Constructing the Exotic: Buhler-Rose

26th October 2019

This is a link to Buhler-Roses website where the photographic series called Constructing the Exotic can be found.

Have a look at the whole series at Make some notes in your learning log.

OCA Foundations in Photography Course folder pg84

The series of photographs ‘Constructing the Exotic’ makes use of western women who were raised either in India or have been born into a religious heritage and places them in unfamiliar contemporary western cultured environments. This juxtaposition, to me personally, looks at how alien it must be for tradition people who have been brought up in a culture of purism to see their cultures mixed with western culture and in turn mixed race relationships. However, these photographs were taken in a time when such mixes of races were beginning to be accepted. With world globalisation in our modern world the images within these photographs are not that exotic or ‘strange’ to see anymore.

If we look at the sari’s however, they are very bright and colourful which makes them stand out from the background environments with which they have been placed. If anything it is this that stands out from the images and catches your eyes because my friends who wear saris as part of their daily clothing have colours that are toned down more and only wear bright saris for celebrations.

The make-up and tradition face piercings are now everyday decorations, I have recently had a nostril and septum piercing at the age of fifty, myself, and they do not look out of place or exotic within todays society.

Something that does draw my attention, is the lack of facial expressions and the posed compositions. The paintings do remind me of Raphael’s classical poses and composition but it has the Pre-Raphaelite detail and intense colours, and also like the Pre-Raphaelites paintings a focus point of nature around the sitters. The second likeness, is the photographs of the 19th Century with their compositions which is discussed in the post, ‘The Conversation: Buhler-Rose.’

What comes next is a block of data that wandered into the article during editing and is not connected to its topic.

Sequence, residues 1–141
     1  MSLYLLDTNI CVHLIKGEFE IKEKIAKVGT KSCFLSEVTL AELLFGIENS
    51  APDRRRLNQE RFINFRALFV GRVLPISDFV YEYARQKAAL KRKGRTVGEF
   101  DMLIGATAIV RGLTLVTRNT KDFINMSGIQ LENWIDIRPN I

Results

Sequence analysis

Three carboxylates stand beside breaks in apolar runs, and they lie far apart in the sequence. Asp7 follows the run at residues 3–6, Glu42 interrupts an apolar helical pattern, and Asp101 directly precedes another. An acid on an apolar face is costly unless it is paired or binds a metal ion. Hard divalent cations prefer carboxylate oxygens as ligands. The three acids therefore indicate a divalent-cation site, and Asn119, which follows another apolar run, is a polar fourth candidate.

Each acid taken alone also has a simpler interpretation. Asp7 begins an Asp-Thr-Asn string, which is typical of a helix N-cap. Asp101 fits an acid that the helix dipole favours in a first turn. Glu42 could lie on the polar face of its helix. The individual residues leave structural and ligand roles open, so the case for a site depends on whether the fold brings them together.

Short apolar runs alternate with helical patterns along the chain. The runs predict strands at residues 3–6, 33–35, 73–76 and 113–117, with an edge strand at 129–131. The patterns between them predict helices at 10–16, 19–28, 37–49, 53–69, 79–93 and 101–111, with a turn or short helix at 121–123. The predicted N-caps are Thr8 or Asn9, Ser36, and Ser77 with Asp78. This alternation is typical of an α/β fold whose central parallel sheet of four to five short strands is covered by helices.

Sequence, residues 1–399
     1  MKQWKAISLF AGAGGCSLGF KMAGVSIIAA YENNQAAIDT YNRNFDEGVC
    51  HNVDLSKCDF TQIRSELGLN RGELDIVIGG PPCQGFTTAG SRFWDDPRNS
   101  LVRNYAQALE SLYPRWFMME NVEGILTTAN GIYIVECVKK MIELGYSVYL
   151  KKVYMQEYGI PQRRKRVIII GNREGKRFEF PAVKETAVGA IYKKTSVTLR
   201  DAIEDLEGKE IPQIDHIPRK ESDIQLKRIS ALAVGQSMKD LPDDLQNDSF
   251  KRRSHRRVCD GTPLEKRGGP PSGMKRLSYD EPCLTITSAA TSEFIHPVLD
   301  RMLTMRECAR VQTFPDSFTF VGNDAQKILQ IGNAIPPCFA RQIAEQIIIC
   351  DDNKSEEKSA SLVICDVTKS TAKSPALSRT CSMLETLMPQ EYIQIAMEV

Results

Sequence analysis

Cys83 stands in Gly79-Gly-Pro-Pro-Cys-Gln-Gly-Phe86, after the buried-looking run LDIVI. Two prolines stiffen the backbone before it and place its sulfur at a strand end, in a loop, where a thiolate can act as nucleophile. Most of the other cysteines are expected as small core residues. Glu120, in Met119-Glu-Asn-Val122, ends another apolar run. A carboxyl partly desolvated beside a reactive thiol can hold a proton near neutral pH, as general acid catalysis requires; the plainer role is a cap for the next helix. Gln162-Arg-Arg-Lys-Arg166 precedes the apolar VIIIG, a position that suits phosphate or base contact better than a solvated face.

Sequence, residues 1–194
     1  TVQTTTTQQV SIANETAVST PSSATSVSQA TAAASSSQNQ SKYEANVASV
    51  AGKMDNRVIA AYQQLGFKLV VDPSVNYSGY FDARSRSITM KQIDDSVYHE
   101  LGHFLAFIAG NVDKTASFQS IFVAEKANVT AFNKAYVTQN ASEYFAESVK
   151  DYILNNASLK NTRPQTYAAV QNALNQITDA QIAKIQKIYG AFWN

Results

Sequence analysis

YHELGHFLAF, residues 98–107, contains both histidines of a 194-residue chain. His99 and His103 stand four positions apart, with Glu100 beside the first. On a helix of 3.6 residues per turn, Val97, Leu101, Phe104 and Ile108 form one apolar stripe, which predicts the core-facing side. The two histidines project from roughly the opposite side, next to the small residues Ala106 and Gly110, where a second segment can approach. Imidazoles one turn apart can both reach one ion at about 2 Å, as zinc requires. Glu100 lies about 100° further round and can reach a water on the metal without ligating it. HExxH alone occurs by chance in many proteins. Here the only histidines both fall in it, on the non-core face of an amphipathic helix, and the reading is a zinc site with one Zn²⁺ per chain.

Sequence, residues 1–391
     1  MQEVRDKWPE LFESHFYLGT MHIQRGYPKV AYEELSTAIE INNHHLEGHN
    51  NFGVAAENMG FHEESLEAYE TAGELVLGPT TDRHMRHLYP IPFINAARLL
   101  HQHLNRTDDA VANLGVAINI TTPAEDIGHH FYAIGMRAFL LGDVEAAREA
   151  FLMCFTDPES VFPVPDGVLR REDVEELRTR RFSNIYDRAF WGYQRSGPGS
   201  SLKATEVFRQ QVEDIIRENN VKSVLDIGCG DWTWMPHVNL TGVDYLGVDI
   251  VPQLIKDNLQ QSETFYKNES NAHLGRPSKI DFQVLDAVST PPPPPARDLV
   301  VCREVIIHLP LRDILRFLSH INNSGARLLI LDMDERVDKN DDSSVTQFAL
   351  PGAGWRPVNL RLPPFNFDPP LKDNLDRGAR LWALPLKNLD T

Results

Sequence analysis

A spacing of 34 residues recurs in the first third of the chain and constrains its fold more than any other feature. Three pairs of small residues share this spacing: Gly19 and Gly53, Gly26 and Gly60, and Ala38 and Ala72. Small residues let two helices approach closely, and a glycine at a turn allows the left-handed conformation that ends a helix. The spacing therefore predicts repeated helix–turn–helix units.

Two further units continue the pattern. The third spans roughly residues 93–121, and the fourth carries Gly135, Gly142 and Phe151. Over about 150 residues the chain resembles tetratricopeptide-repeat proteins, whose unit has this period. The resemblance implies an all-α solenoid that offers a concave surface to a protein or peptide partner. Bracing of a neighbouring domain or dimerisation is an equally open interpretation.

Below are some comparisons to highlight the similarities of historical painting and photographs.

Below from Buhler-Rose’s ‘Constructing the exotic.’

Comparison one: Pre-Raphaelite paintings

Strong colours – long dresses – green, blue, yellow and orange
Henry Holiday: Dante and Beatrice, 1881
Reclining figures surrounded by nature and strong colours of clothing
Charles Fairfax Murray: The King’s Daughters, 1875
Gathered around with musical instruments and birdbath?
John Williams Waterhouse: A Tale from Decameron, 1916

The symbolism of peacock feathers. The peacock is a native bird to the Indian subcontinent and they are known for their beauty and grace. Depending on ones culture and beliefs peacocks can symbolise many things.

Looking at Bulher-Roses portrait we can see the young women is pregnant and the peacock often symbolises birth and new-life. In Ancient India, peacocks were also regarded as creatures of beauty and were kept in gardens of many palaces and can be seen depicted in India’s art especially that of royal decoration.

If we look at the sari that the young women is wearing in Buhler-Roses portrait it is very exquisites and elegant, adorned with gold patterning. We also notice the young lady behind the focus subject who is holding up the peacock fan, she could be portraying a South Asian domestic servant or even someone who may be the baby’s nanny when it is born. So perhaps the main sitter represents the wealth of India.

It has been quite confusing analysing Michael Buhler-Roses series due to the fact I personally see a number of styles and influences and the biggest problem is time has outgrown ‘Constructing the Exotic’ as it is now quite common place to see Western women dressed in Saris and also Asian women in Western settings.

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